Governor Rick Scott has kicked off his higher education summit, but the shindig is already under fire from critics who say it’s missing something—educators.
Wednesday’s discussions ranged from changing how Florida measures student success, to guiding administrators on circumventing unions when agreements aren’t reached.
“My message is simple today. As we think about innovation and as we hear some opposition, its’ always great to sit down and negotiate with your unionized workforce and get to an agreement that everyone’s happy with. That would be ideal. But if that’s not the case, you have options. You have options in management rights. And you can get to your priority through the impasse process," labor attorney Michael Mattimore told attendees.
“Wow…well, that’s a good way to make higher education better," Jennifer Proffitt a Florida State University Professor and president of the faculty union, United Faculty of Florida, said sarcastically.
The conversation around collective bargaining came after an earlier discussion about teacher and faculty morale.
“I think it’s consistent with Scott’s message about jobs," said Proffitt, "but it also seems that the stakeholders, when it comes to public education and the public good, all the stakeholders tend not to be involved, and that’s an issue.”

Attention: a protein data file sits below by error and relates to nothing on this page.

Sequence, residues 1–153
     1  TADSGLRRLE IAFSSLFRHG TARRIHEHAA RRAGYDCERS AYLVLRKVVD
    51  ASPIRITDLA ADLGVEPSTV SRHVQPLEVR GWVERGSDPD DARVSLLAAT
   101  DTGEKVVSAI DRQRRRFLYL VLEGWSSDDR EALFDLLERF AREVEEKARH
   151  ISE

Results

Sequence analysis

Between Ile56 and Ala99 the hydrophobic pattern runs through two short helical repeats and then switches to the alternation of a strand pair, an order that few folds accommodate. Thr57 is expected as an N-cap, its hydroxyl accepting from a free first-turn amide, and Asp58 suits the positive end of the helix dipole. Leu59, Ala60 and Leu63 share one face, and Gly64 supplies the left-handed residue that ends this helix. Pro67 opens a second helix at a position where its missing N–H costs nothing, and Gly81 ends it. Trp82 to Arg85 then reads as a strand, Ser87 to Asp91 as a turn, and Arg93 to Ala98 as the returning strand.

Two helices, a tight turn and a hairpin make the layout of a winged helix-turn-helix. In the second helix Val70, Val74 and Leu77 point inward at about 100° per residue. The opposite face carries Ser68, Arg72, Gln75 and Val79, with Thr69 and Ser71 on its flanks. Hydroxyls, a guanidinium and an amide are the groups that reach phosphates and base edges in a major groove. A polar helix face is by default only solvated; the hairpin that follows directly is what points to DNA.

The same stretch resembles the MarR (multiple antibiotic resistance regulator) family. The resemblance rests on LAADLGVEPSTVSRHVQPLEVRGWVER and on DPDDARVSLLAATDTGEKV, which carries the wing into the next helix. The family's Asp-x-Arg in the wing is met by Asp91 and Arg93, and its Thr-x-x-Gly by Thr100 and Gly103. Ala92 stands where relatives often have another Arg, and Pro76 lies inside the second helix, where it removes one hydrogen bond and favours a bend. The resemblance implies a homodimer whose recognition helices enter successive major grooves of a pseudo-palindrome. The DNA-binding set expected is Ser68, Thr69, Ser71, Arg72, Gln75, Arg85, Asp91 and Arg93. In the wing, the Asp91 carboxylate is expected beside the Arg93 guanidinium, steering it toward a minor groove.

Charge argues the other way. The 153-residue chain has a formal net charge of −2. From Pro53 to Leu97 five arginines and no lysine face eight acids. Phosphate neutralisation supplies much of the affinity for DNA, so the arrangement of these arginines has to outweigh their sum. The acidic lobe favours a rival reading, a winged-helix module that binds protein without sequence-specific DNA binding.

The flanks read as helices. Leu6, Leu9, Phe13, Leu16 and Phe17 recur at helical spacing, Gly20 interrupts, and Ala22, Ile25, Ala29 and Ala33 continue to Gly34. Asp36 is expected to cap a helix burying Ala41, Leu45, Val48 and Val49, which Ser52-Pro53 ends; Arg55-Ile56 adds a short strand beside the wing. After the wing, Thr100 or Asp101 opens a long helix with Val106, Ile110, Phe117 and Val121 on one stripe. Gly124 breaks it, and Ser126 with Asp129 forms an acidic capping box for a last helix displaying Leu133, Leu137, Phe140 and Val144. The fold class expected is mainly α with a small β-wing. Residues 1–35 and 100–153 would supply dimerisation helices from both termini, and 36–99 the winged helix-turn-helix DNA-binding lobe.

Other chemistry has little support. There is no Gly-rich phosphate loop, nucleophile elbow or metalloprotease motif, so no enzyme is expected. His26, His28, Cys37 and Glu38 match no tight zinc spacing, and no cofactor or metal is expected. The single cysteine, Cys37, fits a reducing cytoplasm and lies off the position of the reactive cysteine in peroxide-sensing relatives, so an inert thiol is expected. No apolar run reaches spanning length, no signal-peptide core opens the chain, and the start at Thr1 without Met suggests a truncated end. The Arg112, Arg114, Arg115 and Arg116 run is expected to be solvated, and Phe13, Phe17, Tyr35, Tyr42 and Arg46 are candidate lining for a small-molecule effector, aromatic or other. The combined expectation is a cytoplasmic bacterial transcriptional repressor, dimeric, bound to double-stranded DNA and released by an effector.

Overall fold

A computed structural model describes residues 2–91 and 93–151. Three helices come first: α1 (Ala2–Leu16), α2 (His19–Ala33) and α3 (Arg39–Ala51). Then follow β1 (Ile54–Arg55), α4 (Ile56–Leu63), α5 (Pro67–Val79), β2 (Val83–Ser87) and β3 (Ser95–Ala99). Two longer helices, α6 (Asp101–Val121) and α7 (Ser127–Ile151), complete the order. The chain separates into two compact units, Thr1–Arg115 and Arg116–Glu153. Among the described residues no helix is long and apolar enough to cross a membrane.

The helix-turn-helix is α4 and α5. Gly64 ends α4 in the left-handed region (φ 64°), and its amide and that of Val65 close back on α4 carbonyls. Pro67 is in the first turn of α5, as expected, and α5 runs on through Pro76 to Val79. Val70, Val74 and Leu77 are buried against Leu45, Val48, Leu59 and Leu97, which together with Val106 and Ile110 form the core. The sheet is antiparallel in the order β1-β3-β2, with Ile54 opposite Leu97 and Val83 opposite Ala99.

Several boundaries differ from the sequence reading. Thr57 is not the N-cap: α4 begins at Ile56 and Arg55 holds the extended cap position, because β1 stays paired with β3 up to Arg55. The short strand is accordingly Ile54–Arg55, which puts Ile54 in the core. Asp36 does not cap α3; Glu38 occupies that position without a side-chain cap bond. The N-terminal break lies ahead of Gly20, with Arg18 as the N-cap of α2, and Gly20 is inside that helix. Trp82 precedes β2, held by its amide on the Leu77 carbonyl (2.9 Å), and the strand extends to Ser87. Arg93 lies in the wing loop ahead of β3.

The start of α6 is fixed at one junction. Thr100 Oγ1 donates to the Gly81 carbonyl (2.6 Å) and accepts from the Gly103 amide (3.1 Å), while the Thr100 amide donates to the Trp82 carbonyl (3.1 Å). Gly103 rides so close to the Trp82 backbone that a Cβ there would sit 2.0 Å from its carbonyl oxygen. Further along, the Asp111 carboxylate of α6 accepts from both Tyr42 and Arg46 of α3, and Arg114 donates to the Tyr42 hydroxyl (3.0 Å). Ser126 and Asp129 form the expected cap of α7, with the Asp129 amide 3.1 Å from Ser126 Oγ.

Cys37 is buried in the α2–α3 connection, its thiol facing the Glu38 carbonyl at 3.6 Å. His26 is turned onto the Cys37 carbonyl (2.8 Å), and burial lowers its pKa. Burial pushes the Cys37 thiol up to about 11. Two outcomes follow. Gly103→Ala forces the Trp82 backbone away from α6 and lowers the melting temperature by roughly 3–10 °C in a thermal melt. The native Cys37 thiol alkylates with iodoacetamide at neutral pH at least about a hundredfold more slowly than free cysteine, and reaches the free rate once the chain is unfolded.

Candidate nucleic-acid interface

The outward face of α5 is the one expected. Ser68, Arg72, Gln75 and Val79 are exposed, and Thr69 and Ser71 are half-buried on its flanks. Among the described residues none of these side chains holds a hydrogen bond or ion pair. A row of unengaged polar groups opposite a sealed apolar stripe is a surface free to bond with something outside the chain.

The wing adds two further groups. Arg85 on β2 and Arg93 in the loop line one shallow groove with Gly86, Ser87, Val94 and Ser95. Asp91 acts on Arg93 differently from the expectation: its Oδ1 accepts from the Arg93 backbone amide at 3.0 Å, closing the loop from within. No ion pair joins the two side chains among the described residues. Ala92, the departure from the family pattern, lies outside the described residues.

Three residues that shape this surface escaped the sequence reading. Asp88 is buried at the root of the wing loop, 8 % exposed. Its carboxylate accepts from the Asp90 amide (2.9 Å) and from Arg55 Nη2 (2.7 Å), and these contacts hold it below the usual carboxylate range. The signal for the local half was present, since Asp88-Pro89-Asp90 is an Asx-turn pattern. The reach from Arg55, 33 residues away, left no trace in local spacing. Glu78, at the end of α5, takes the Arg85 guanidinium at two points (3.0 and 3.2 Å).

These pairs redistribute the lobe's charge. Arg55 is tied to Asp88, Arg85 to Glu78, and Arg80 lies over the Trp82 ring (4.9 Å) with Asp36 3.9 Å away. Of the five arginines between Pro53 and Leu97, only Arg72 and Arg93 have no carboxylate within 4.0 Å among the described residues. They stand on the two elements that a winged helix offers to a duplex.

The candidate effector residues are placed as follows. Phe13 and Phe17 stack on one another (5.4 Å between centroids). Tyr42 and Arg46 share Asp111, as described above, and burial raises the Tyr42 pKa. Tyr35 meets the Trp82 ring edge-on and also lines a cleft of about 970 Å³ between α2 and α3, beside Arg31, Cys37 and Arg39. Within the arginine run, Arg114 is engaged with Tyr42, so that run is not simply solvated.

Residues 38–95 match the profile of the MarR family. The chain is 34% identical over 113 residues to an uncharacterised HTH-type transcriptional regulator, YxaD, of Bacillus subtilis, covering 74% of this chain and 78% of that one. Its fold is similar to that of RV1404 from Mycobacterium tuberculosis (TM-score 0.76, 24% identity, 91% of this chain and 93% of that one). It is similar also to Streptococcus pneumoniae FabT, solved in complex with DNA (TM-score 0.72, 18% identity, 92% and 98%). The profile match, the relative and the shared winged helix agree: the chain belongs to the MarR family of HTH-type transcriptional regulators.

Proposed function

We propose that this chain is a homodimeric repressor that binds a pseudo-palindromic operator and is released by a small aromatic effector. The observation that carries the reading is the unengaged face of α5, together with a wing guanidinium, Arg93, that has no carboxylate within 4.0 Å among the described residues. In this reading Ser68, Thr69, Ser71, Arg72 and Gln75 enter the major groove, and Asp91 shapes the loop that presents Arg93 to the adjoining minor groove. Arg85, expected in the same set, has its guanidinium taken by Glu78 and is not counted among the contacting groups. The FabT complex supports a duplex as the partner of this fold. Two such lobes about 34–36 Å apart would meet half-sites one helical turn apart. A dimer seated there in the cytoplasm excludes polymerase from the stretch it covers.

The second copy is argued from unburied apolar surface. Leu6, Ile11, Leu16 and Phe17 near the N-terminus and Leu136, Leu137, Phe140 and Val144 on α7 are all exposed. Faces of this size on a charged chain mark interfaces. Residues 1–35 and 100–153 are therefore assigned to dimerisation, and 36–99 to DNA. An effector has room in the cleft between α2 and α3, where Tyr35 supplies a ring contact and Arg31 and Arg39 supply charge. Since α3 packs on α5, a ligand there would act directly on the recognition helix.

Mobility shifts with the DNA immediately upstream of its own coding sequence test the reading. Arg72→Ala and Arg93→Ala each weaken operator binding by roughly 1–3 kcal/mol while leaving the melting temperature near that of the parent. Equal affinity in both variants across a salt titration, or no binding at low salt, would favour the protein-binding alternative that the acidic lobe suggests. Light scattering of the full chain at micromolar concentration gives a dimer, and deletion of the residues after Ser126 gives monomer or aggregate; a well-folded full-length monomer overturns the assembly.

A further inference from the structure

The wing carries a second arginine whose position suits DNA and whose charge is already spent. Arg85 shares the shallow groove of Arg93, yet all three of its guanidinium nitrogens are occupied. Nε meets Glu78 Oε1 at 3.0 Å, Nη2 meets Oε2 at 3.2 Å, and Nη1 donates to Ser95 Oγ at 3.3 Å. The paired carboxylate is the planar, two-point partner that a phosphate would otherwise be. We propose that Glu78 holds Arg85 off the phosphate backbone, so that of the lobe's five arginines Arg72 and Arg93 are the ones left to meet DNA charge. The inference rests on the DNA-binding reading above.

The union was not invited, though some college and university presidents spoke.
Gov. Rick Scott kicked off the program.
“Are we thinking about where we’re going are we going? Are we going to be reflective of what we’re doing? What can we learn? Who can we meet, who can we call on? But challenging everything we’re doing with the goal that at the end, our education in Florida is affordable, high quality, and every student has the opportunity to finish and get a good paying job," he said.
During his time in office, Scott has pushed for colleges and universities to lower their costs, and to make those institutions align more with the job market. But Florida's public higher educations have also seen public dollars shrink, forcing them to rely more on private funding. The schools are also competing against one another for more state funding through a performance-based system.
Lieutenant Governor Carlos Lopez Cantera moderated a panel of businessmen and school trustees, and Senate President Andy Gardiner also received a speaking slot. Scott’s job summit continues Thursday and will feature head football coaches from Florida State University, the University of Florida and the University of Miami in a panel on leadership and teamwork.
Rich Templin, spokesman for the Florida AFL-CIO points to that as an example of what he says are the governor's skewed priorities when it comes to higher ed.
“I think that shows where some of our priorities have gotten in that state. And these are the things a higher education summit should be tackling, instead of what we’re seeing out of this summit. Basically, we started this summit and we will end it by reinforcing what the governor and some in the legislature are already doing," he said.
Scott is using the summit to issue a new challenge to colleges and universities: get students to finish in four years. He wants schools to remove fees for online courses, and allow kids to get credit for AP courses and internships. He also wants the legislature to allow the state’s bright futures scholarship program to cover summer courses.
Several university and college presidents are attending the summit, along with members of the schools' board of trustees. Incoming House Speaker Richard Corcoran and incoming Senate President Joe Negron are also there. He recently toured the state's universities to highlight challenges students face on the road to graduation.